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Pixel 7 Pro teardown shows better cooling, cleaner layout than last year’s model



The Pixel 7 is still on its way, but that isn’t stopping the Internet from tearing it down already. In what’s becoming a tradition, PBK Reviews is the first to rip apart the device, specifically the Pixel 7 Pro. Now we can do some fun comparisons between this teardown and last year’s.

Just as it looks on the outside, the Pixel 7 Pro is pretty close to the Pixel 6 Pro, but you can spot some refinements. Google has done a much neater job with the graphite thermal tape this year. The Pixel 6 Pro had three different sections of thermal tape, but there’s now one monolithic block of graphite covering the cameras, SoC, and battery.

On the Pixel 6, the graphite sticker had to be multiple parts because Google didn’t want to cover up the mmWave antenna wire, which last year ran overtop of the battery. On the Pixel 7 Pro, the mmWave antenna cable is way longer and runs around the perimeter of the battery under the metal mid-frame. With no cable in the way, the thermal tape can have a way larger surface area overtop of the battery, camera, and SoC. Google removed some thermal tape that was previously close to the USB-C port, but with the process node reduction and more tape concentrated around the SoC, this should hopefully lead to a cooler phone.

It would probably be better to have no mmWave antenna at all because mmWave barely exists anywhere and seems like an overhyped, dead-end technology. Even if you’re pro-mmWave (I guess that would make you the CEO of Verizon?), the Pixel 7 Pro has only one antenna on top of the phone. Other phones, like the Galaxy S22 Ultra, have a better shot of picking up a signal with two mmWave antennas on either side of the device. Part of the laughable infeasibility of mmWave is that your hand easily blocks the signal, so while the Pixel 7 might have a clear line-of-sight in portrait mode, mmWave in landscape on the Pixel 7 would require some awkward hand positioning. Aren’t high-bandwidth mmWave applications mainly for media, though? Shouldn’t landscape be preferred? We should just stop including mmWave altogether.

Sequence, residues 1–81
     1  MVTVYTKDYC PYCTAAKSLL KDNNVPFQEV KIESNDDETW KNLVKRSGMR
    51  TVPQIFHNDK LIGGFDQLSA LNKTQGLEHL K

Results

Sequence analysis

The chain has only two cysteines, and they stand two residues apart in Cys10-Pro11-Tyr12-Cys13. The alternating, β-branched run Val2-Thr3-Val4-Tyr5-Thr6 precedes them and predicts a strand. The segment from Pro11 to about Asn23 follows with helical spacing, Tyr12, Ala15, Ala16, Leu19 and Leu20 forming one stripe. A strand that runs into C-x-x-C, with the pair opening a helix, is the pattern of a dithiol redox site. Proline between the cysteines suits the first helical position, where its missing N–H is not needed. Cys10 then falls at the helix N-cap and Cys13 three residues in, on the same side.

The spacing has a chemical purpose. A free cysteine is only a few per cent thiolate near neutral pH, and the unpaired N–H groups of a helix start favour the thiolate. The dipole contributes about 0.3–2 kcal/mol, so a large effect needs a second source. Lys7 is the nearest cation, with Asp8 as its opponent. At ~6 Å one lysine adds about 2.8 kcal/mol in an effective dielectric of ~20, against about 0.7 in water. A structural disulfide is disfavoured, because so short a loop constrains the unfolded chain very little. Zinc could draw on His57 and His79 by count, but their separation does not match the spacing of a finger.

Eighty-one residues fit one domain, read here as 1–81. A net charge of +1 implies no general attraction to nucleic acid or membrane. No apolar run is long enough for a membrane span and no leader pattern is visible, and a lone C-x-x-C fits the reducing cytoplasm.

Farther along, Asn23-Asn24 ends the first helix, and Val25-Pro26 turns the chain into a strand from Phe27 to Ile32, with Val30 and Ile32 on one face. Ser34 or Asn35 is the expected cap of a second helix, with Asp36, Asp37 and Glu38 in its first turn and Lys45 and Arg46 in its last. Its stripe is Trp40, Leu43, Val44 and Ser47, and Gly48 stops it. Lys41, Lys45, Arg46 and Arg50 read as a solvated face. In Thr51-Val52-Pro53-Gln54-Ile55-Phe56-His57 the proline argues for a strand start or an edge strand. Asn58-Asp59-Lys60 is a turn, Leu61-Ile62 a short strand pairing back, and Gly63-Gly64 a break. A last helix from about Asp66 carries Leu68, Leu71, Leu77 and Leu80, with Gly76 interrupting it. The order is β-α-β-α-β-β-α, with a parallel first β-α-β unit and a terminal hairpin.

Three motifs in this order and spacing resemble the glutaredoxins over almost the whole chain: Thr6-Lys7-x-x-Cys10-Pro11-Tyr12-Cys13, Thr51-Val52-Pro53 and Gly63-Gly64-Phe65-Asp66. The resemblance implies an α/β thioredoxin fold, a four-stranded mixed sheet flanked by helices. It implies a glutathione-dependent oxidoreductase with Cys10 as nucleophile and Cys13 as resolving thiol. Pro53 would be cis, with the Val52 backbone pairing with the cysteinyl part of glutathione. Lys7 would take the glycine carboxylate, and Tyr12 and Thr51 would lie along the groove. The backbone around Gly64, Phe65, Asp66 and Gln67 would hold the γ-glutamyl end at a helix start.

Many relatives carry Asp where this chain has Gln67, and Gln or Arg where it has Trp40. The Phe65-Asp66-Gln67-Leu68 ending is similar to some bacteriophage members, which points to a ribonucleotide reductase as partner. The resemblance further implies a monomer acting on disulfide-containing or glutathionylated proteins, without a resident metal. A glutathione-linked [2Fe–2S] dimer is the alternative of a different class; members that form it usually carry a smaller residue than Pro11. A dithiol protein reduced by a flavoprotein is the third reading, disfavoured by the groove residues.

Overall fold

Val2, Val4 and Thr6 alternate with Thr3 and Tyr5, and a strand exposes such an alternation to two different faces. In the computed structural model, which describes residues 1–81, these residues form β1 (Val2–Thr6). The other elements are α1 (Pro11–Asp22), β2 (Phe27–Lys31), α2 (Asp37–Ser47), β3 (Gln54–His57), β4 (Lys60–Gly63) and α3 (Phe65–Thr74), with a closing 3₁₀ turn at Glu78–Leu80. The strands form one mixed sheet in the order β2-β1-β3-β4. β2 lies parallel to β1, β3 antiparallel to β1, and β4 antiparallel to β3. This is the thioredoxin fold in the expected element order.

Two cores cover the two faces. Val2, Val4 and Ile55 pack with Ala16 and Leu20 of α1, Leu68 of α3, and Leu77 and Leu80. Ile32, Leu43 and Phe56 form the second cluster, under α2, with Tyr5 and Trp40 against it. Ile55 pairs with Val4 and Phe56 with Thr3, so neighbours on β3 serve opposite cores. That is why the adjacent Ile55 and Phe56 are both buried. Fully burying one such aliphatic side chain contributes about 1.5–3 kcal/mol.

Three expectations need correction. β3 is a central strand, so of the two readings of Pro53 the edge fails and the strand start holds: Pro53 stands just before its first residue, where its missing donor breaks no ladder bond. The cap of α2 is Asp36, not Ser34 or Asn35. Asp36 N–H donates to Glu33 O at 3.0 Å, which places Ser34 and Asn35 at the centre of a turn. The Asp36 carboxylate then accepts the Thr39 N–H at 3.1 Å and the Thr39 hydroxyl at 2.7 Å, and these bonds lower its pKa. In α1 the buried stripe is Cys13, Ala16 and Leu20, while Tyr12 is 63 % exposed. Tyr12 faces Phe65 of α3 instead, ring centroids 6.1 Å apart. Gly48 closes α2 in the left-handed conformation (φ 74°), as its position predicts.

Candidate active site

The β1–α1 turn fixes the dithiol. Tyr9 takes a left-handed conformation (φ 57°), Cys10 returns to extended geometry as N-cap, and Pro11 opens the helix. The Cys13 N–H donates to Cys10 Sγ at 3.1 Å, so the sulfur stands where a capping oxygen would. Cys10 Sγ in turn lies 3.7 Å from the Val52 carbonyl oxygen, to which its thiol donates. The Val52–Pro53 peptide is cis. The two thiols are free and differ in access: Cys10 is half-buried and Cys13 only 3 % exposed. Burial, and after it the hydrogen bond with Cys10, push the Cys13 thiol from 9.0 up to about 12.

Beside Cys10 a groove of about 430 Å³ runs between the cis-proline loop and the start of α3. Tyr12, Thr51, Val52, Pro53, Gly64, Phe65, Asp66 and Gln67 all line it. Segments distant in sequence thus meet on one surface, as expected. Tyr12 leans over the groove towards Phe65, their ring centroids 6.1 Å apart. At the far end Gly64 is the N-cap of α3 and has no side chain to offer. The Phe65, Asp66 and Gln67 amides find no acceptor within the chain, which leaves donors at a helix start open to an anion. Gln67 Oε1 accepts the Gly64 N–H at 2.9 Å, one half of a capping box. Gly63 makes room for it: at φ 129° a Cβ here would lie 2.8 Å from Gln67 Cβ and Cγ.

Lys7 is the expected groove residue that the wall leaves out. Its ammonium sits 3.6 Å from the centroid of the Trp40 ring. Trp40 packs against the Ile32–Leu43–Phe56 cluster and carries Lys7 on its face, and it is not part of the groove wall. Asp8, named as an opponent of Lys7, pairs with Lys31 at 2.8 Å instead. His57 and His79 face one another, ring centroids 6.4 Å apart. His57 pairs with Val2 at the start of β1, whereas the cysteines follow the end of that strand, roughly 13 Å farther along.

As for reparability, the front screen pops off first, which makes a screen replacement a one-step process: “fight with the adhesive.” PBK Reviews could not get the back glass off, so it sounds like you’d have to replace the entire metal frame if the back glass shatters. The USB-C port is soldered onto the main board, which would make a broken charging port a costly fix. The battery has pull tabs, but they still won’t work without soaking the battery adhesive in alcohol first. It’s a mixed bag.


Listing image by PBK Reviews / Ron Amadeo

Source: Ars Technica

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